After reading this article the reader will be able to learn about the basics of the Arduino DUE, hardware and schematics design of DUE, applications and specifications of the Arduino DUE. So sit back, keep reading and enjoy the show.
Arduino Due like other Arduino microcontroller boards is the open-source microcontroller development board which is based on Atmel SAM3X8E ARM Cortex-M3 microcontroller. SAM3X8E is a member of a family Flash microcontroller based on the 32-bit ARM Cortex M3 RISC processor. Arduino Due is the first Arduino microcontroller development based on the 32-bit ARM core microcontroller. Arduino DUE resembles in structure to the Arduino MEGA and also shares some of the features but of course is unique as development boards are based on different microcontrollers. Arduino DUE has 54 digital input / output pins out of which 12 are PWM (Pulse Width Modulation) enabled. It has 4 UARTS (Universal Asynchronous Receiver Transmitter), 2 I2C (Inter-Integrated Circuit) computer buses and 4 SPI (Serial Peripheral Interfaces) computer buses. Arduino DUE has 12 analog inputs which are actually the inputs of the ADC (Analog-to-Digital Converter) inside the microcontroller. One interesting feature of the Arduino DUE which makes it stand apart among other Arduino microcontroller boards is the frequency at which it operates. The Arduino DUE operates at the surprising clock frequency of 84 Mega Hertz. Another important feature to note is that the microcontroller on which the Arduino DUE is based has built in USB and Ethernet MAC interface which eliminates the need of additional chip or hardware for USB and Ethernet based communication. However one needs to connect the Ethernet PHY (Physical Layer) to the Arduino DUE before setting the network Ethernet communication. The discussion on the Ethernet PHY is out of the scope of this post but I will come to this point later in my next post. The Arduino DUE looks like the one in the following image:
Arduino DUE for Beginners:
Note from the above image that the Arduino DUE has two USB ports mounted on board. One of the USB port mentioned as programming USB port is used for uploading the code into the Arduino DUE microcontroller and the other USB port mentioned as Native USB port is used for serial communication. With the help of this Native USB port the Arduino DUE can act as the USB host. The detailed discussion on this point will follow later in the article.
Arduino Integrated Development Environment (IDE):
In the post on the Arduino UNO we learned that the Arduino UNO can easily be programmed using the Arduino IDE. The Arduino DUE can also be programmed in the similar way; that is the programming of the Arduino DUE is not different from that of the Arduino UNO, however it should be kept in mind that Arduino DUE has different number of pins and different pin configuration. The care should be taken while configuring the Arduino DUE pins. As most of you might have known that in order to program a microcontroller one need to write the code in the editor, and then compile that code in the compiler after which you get the HEX file of that code and later upload that HEX file in the microcontroller IC using another program. In case of Arduino all these steps are performed in single software which is called the Arduino IDE. By integrated Development Environment it means that all the steps that editor, compiler, burner are integrated in the same software. In short Arduino DUE is quite easy to program it is just a matter of few clicks. It is important to note here that the board type should be selected before uploading the code that is before uploading the code from Arduino IDE one need to select the board to which he / she is intended to burn the program. From tools select board as Arduino DUE otherwise the error will occur and your board would not get programmed. One last thing worth noting here is that one should use the Programming USB port one that is closer to the Power for uploading the code in the Arduino DUE as it is the recommended port. Although the Arduino DUE can also be programmed with the help of the native port but you stick to the Programming port. I will go through in detail about how to write a code and upload it in Arduino DUE later in the post.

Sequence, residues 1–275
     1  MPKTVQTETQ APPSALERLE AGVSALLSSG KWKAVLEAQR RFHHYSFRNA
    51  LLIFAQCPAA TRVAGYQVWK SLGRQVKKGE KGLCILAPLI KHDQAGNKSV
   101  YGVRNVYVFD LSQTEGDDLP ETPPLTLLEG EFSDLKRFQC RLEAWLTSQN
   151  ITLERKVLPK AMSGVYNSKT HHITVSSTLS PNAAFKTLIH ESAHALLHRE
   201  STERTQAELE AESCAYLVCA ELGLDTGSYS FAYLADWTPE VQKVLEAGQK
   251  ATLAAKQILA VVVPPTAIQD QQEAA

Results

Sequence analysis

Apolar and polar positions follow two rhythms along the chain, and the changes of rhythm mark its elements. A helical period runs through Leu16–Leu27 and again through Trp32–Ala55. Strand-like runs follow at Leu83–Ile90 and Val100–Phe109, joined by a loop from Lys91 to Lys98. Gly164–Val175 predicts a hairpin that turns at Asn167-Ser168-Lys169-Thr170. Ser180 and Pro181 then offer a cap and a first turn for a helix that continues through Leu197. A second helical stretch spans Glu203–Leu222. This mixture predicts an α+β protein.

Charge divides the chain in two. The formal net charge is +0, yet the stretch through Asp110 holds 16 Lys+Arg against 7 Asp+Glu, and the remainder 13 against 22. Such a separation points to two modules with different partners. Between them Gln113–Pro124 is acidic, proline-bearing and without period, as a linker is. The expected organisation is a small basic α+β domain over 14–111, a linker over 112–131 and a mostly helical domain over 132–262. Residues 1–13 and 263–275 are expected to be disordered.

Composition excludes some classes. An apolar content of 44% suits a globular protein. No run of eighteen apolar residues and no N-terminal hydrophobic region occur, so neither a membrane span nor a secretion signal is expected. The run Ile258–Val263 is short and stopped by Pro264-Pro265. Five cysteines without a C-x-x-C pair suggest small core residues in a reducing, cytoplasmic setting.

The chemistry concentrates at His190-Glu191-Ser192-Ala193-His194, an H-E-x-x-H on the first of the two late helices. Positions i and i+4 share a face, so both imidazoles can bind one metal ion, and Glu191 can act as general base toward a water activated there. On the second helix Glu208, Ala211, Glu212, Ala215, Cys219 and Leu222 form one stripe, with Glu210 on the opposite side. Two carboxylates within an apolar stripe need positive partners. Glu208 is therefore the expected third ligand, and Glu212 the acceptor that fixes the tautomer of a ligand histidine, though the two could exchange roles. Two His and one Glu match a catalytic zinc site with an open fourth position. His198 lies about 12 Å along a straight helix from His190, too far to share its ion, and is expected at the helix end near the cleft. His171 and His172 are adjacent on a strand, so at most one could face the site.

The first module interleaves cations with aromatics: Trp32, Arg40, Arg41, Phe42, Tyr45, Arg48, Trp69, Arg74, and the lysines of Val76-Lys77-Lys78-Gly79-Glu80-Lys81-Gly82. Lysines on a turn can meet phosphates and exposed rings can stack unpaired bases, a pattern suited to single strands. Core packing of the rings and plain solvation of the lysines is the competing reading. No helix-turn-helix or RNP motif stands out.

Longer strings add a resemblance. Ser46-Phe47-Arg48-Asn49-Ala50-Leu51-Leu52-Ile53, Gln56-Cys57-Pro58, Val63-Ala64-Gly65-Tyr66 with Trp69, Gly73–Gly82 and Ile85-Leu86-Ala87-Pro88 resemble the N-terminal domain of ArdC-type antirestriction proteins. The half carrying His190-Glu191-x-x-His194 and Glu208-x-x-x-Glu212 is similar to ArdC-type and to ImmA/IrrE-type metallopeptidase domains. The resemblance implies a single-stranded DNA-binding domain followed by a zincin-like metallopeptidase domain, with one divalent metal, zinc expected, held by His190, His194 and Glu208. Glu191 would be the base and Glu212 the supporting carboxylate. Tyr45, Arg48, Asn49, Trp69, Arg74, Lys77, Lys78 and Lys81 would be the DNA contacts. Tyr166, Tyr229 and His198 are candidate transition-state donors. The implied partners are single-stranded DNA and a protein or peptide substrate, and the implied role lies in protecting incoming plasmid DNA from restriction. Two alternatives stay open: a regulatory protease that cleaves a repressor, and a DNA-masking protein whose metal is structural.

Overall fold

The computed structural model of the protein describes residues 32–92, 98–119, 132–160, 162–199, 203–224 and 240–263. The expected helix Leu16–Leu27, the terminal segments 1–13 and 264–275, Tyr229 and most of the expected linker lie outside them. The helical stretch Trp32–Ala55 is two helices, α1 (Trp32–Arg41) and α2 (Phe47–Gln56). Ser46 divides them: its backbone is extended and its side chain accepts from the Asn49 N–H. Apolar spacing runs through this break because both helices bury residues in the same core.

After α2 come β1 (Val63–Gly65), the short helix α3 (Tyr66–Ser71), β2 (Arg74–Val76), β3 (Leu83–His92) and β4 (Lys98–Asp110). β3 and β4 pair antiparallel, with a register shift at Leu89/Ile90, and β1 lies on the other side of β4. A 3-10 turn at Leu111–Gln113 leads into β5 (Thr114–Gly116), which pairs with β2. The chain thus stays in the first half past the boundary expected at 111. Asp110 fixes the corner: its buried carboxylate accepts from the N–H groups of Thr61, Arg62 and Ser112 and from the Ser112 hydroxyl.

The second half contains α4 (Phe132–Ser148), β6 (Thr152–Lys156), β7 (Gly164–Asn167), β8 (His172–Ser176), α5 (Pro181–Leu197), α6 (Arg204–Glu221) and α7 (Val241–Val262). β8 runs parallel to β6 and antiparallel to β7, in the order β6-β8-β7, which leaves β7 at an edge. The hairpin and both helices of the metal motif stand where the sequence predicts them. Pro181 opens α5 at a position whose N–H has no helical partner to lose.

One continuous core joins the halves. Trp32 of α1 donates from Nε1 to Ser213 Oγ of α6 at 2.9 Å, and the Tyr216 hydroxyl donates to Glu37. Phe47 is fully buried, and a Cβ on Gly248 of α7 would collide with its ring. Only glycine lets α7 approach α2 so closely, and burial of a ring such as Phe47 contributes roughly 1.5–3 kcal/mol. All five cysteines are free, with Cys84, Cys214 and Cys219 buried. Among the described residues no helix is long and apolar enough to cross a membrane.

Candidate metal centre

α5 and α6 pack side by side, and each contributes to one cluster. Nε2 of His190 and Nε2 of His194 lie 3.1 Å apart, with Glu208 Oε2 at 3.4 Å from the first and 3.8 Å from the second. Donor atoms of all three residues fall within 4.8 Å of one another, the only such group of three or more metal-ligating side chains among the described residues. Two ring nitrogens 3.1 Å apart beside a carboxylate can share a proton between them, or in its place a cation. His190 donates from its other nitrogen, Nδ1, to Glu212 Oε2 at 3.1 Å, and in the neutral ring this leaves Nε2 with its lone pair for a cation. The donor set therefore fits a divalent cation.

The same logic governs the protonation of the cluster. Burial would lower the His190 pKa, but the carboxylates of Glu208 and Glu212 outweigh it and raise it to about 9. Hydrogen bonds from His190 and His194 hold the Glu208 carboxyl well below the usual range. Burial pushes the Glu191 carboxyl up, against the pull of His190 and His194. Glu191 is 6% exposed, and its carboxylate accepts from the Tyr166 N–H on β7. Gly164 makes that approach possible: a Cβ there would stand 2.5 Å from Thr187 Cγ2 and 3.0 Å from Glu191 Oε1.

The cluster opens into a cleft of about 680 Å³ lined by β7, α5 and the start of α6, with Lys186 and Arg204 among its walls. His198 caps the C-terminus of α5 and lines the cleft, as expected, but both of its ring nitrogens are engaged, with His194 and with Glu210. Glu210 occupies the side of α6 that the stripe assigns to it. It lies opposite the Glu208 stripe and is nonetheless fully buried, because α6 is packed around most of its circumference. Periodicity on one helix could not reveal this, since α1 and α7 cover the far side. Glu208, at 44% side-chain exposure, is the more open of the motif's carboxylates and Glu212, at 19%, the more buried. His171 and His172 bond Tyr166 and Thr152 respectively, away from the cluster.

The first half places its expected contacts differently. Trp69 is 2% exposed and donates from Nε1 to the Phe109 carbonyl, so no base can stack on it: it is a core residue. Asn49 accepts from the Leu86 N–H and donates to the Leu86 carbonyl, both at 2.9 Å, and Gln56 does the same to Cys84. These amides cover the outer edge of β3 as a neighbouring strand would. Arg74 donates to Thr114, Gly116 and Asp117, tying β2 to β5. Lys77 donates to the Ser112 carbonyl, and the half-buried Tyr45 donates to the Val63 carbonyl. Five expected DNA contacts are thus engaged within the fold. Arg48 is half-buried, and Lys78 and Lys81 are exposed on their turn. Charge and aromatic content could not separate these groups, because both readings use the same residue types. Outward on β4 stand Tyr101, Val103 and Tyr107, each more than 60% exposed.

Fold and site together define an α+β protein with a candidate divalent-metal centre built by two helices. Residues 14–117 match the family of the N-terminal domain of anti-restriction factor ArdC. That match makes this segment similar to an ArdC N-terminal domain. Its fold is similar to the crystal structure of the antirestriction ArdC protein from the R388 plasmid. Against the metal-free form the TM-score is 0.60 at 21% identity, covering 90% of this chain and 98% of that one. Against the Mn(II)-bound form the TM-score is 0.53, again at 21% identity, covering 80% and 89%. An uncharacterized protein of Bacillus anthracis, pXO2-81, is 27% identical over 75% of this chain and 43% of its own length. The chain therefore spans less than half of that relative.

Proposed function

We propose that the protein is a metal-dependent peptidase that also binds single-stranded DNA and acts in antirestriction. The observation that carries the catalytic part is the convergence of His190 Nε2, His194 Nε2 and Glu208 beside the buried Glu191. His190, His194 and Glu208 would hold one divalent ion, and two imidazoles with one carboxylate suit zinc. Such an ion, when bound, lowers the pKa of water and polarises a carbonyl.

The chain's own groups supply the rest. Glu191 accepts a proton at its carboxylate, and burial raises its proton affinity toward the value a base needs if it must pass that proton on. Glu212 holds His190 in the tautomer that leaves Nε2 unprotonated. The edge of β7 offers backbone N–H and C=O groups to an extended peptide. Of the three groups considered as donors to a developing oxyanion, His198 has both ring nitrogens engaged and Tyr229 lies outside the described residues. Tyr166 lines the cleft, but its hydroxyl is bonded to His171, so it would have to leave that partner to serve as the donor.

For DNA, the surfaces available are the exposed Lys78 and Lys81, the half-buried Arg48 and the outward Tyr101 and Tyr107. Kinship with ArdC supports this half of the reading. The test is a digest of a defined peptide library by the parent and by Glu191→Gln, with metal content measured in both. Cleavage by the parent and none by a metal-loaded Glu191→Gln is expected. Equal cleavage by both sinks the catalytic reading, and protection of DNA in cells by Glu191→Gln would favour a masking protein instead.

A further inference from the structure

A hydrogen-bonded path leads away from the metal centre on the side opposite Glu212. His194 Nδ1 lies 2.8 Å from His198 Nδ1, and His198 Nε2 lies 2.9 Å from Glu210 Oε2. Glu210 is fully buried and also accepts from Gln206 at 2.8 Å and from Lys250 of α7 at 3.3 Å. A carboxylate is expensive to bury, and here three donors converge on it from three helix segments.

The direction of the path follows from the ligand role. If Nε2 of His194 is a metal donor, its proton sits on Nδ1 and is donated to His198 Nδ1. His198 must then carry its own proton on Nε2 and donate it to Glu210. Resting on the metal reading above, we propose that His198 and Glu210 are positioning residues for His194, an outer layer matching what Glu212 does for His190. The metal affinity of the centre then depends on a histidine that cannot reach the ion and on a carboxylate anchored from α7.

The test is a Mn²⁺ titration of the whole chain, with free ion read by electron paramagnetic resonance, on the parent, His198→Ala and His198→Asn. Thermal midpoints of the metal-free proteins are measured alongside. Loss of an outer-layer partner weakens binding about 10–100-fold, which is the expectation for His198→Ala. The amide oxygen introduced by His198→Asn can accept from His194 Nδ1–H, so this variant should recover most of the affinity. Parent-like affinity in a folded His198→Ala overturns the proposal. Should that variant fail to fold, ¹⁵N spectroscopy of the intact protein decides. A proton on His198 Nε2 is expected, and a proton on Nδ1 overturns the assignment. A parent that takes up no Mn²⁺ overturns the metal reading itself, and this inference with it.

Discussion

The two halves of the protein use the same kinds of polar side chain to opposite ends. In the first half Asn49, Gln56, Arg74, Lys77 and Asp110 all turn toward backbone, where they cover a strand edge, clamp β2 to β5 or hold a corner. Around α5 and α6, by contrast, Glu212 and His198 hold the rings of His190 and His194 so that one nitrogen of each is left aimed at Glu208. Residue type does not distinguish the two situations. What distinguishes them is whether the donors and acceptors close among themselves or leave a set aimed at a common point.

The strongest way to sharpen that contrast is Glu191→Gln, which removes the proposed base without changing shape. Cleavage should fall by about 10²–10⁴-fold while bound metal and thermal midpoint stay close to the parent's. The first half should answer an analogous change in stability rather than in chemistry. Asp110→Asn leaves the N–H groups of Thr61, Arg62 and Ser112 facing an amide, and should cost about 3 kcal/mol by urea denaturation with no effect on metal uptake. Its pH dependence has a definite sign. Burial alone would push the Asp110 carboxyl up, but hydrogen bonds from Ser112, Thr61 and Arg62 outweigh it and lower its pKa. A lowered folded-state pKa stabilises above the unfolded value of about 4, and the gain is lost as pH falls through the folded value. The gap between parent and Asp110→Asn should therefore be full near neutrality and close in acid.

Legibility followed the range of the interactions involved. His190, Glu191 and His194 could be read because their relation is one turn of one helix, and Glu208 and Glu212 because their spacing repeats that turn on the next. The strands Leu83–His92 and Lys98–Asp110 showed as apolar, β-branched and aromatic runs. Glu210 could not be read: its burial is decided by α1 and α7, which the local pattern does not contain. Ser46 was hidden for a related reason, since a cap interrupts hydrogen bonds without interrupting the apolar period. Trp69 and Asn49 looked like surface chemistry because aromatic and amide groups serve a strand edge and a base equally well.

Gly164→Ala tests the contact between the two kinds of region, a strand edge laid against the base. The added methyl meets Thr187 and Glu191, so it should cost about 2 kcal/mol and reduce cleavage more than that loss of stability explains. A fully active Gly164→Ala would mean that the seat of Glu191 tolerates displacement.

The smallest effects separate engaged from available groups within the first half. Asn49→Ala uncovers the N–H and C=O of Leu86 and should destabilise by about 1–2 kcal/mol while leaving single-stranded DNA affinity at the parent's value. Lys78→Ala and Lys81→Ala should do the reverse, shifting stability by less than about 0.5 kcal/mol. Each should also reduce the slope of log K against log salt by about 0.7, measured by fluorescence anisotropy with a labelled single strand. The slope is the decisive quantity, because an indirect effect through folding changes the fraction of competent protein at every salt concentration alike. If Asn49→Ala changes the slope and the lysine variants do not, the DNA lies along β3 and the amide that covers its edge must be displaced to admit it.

Arduino DUE Features:
Let us now learn some of the common specifications of the Arduino DUE microcontroller development board.
- Microcontroller IC: AT91SAM3X8E.